9. Passengers - by far the most impactful addition to the Marklin edition. As part of the game setup, there are point tokens that are placed in each city. Some cities have one token, others have up to four tokens stacked one on top of the other as determined in the rules. These tokens are worth a varying number of points from 2-7. Each player also receives three passenger pieces. During your turn, when you lay down a section of trains, you have the option of also putting a passenger in one of the two cities that your train section touches. Your passenger will then hang out in that city until you decide to use a turn to move it (it takes your turn to move a passenger, meaning you cannot perform any other actions this turn). When you move your passenger, it must be along a route that you have ownership of, and your passenger can travel to as many cities as possible/desired. If there is another passenger blocking the way, your passenger cannot travel through that city. Once your passenger has finished travelling, it is removed from the game. During your passenger's travels, you take the top point marker off of the stack in each city your passenger travels through. Once your turn is over, you add your point total up from each city and add it to your score.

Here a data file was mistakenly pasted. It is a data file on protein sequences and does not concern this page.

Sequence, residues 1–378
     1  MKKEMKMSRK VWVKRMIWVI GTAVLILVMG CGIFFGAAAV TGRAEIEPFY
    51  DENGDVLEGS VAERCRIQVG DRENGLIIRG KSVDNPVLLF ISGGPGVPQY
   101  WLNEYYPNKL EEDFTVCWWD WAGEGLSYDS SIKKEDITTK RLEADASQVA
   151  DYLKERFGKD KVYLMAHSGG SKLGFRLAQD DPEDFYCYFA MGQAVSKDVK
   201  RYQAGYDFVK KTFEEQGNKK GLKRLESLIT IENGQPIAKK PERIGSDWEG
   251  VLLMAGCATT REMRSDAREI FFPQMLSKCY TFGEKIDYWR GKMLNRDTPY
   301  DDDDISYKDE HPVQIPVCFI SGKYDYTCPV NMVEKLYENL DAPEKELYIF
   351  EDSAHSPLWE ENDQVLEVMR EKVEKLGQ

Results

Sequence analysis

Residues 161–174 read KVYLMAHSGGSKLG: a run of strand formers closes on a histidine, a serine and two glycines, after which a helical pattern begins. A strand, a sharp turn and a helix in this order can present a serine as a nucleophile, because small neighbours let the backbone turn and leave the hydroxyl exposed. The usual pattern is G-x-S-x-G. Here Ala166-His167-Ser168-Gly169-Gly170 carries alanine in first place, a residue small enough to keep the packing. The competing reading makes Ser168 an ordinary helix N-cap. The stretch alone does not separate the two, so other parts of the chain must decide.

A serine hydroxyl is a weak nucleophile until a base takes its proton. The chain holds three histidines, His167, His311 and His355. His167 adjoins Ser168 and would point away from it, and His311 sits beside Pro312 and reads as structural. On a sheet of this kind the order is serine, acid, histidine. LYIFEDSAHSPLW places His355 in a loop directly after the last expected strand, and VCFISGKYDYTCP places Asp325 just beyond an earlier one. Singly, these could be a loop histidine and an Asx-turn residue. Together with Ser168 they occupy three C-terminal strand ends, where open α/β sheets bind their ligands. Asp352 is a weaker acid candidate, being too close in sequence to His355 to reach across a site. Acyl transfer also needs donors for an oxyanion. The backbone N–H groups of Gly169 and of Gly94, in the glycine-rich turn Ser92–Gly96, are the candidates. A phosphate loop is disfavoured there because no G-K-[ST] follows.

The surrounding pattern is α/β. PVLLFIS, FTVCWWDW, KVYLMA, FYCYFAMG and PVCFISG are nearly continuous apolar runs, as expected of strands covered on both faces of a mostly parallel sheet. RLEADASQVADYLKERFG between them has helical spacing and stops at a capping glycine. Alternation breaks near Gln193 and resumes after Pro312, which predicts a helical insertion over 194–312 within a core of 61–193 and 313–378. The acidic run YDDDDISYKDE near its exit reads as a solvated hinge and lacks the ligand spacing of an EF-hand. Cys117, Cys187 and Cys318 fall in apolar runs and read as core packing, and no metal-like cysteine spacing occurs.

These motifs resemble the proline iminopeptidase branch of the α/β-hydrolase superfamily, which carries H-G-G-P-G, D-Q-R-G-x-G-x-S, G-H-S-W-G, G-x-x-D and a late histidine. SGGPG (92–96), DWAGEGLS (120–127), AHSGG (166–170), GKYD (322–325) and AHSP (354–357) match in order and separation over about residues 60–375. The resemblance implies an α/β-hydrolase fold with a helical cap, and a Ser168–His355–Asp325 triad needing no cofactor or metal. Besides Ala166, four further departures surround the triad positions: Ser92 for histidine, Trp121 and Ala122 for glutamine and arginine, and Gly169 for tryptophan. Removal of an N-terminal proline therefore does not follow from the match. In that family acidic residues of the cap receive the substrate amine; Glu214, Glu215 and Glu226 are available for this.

10. Passenger cards are mixed in with the train cards in the draw pile, and are drawn using the same rules as the train cards. Playing a passenger card from your hand allows your passenger to "buy a ticket" on another player's section of trains, meaning your passenger can use a section that you don't own to travel to the next city. This allows for a much greater travel distance for your passenger as long as you have saved up some passeneger cards.
If you haven't played Ticket to Ride, do yourself a favor and play! I haven't played with anyone who doesn't end up loving the game. It is easy to learn and play, and the fun continues even after having played hundreds of times. For 2-5 players, these games are well worth the higher price tag due to production quality. The only issue I can see is having younger children, you may lose some pieces - although it comes ready for such a situation, as there are extra pieces in a separate baggie just in case you do lose some. The Marklin edition of Ticket to Ride adds a very specific and different tactic in the addition of the passenger, and makes the game a bit more difficult, but not extremely so. Great game for all, an instant classic!